BY JESSICA STEELEY
Clarkston News Staff Writer
Campers learned studio production, editing, and effects at Independence Television’s (ITV) first ever summer camp last week.
“They all learned how to use all of our cameras, they learned how to use our tricaster switcher, which allows them to do live productions,” ITV’s Media Producer Kevin Smith said. “We have been doing a lot of field production stuff, so, we showed them how to use our field cameras, we took them outside, we filmed some simple Scooby-Doo style effects, stuff like that, and then we showed them how to edit that.”
Smith oversaw the camp with two other ITV employees, Matt Bleau and Stephan Merk, for 17 students going into grades seven through nine.
One goal of the camp, Smith said, was to reach out to kids in this age group so they would have knowledge of the media program at the high school.
“It’s always been kind of something that they’ve wanted to do here, is have some kind of summer camp for kids, and so this first year of doing it is very much figuring out what works, what doesn’t, what we might need to fine-tune for the future,” Smith said.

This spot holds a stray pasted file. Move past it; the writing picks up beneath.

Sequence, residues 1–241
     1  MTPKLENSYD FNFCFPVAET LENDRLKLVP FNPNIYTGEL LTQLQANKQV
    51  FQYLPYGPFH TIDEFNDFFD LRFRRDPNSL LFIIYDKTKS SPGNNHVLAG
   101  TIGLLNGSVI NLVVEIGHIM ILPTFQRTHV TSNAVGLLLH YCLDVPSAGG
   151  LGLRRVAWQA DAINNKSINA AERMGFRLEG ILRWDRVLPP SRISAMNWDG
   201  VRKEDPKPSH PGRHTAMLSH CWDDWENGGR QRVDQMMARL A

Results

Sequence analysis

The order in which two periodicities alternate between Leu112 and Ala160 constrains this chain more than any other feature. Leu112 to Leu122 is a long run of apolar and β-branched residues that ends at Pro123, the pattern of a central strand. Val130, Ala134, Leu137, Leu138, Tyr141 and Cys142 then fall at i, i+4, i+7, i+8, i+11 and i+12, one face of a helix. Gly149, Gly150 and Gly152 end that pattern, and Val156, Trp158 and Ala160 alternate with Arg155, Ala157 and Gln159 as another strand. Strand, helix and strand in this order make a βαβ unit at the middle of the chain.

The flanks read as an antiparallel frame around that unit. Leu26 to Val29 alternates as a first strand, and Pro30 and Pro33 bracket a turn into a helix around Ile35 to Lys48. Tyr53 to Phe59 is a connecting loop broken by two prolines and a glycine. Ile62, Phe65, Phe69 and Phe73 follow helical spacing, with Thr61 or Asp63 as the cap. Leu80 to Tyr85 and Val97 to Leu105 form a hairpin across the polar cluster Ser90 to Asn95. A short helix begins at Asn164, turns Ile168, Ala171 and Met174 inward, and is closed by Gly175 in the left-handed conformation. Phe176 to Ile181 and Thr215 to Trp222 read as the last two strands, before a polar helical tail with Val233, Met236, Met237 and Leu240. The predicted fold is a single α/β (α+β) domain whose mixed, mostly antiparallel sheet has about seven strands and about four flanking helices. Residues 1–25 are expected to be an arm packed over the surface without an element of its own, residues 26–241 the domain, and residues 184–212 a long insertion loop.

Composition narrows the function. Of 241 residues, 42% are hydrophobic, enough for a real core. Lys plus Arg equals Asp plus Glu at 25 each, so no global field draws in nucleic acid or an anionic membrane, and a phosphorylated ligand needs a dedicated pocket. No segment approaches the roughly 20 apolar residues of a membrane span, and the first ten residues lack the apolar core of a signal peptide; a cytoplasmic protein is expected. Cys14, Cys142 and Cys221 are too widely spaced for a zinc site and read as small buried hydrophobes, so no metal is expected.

The campers had a range of production and editing knowledge coming in, Smith said, and it was interesting to work with the varying levels of base knowledge. Some are beginners whereas others have their own YouTube channels.
“I had a pretty large amount of knowledge with cameras,” 14-year-old camper Matthew Rozman said. “I’ve worked on cameras before, I’ve worked with cameras, I’ve worked on field cameras before.”
Though Rozman was familiar with visual production equipment, he didn’t know as much about audio production and visual editing before taking the camp.
Trey Wood, a 13-year-old going into eighth grade, had some editing knowledge before the camp from making videos for his YouTube channel, but he wasn’t familiar with studio equipment and methods.
“In this camp, I learned a lot about like using the green screen and like recording and how to edit and it’s just, it’s been fun,” Wood said.
Rozman said the camp was a great way to help build confidence, both with the equipment and with performing and speaking in front of others.
“It’s like a kid in a candy shop, it’s always fun to have a large amount of technology that you can use and you can use very efficiently if you know what you’re doing with it, so all around it was pretty fun,” he added.
It isn’t all about technology, either. Throughout the camp the kids played improvisational games to help with script writing, produced skits and even worked on their own projects, Smith said, such as one kid made a ghost hunt parody video.
“We’re really happy with how it went,” Smith said, “and we’re definitely going to continue to re-tool it for the future and hopefully it’s a good annual thing we do here.”